Lady Geek Girl: Teen Wolf is also an interesting show because it actually caters to the female gaze, in that it is often the men who are mostly naked rather than the women. The women are rarely sexualized while the men often are. Now this isn’t always a good thing. That being said, the men are never shown to be just objects of desire the way women are when the male gaze is often employed in other shows. However, I still get uncomfortable over certain things. I find it sad that Tyler Hoechlin doesn’t like to wear pants before he does a scene, because the pants he has to wear to play Derek are so tight and uncomfortable. I also tend to get annoyed that Dylan O’Brien, who plays Stiles, is under constant pressure from fans to do a shirtless scene when he has said he’s uncomfortable doing it. It doesn’t matter if he has been shirtless in a movie he did before; if he’s uncomfortable doing it now, he shouldn’t have to. There is nothing wrong with sex, sexuality, or showing some skin, but I think it’s important that we treat the male actors the same way that we would want the female ones to be treated.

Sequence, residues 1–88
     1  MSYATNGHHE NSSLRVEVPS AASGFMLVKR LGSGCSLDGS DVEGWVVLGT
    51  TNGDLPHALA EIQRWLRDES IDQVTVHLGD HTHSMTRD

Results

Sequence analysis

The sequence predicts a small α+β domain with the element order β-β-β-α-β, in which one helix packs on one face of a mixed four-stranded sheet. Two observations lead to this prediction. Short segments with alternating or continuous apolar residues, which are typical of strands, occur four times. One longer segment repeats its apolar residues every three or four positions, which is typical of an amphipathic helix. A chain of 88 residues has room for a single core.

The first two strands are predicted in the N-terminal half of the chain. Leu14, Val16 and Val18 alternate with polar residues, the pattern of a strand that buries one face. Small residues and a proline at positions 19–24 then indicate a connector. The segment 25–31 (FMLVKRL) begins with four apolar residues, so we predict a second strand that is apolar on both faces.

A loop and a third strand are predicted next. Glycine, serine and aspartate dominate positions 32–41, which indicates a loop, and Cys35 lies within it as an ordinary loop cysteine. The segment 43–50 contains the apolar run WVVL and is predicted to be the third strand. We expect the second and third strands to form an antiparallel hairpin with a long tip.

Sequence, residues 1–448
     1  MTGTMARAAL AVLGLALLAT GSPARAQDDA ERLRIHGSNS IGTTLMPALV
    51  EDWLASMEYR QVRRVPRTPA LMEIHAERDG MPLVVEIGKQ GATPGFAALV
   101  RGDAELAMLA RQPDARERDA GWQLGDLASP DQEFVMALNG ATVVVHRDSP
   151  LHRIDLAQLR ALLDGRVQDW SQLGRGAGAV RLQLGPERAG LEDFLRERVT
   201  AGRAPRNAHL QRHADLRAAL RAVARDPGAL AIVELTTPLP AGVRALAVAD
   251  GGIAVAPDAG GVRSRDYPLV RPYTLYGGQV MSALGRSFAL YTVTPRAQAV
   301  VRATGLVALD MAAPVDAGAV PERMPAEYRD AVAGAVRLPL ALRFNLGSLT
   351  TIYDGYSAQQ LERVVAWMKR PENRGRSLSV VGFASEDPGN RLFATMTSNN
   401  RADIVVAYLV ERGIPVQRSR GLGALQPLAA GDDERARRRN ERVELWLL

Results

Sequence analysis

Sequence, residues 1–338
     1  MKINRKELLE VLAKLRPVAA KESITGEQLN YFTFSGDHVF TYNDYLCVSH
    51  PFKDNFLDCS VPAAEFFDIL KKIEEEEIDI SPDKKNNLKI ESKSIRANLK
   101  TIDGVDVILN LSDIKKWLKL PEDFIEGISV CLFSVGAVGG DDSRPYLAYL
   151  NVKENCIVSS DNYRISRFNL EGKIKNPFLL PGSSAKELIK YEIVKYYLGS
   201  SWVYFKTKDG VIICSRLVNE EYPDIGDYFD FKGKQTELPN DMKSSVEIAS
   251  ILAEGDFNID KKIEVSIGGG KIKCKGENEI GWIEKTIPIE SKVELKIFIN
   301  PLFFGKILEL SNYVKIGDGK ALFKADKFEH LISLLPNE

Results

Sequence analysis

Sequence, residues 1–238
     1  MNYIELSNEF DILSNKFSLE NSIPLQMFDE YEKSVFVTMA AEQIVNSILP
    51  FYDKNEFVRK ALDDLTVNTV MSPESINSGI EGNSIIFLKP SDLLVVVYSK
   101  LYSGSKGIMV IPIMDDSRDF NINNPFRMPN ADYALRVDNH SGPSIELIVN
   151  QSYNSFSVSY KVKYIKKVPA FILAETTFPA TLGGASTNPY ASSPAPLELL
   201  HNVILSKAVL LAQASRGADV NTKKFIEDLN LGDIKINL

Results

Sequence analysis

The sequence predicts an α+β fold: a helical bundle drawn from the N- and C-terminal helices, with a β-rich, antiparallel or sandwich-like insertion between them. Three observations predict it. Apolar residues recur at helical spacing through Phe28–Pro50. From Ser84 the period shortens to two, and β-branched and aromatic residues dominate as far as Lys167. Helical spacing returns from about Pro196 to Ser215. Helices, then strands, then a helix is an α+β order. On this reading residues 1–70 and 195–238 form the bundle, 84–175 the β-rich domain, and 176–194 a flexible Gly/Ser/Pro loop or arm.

Well, that’s it for our Teen Wolf and feminism posts. Overall, I think Teen Wolf is an excellent show and yes, I would say it’s a feminist show. It’s not perfect, but it tries and succeeds most of the time.
Next Friday we will be discussing Teen Wolf and race issues, so be sure to stop by then and don’t forget to let us know what you think in the comments.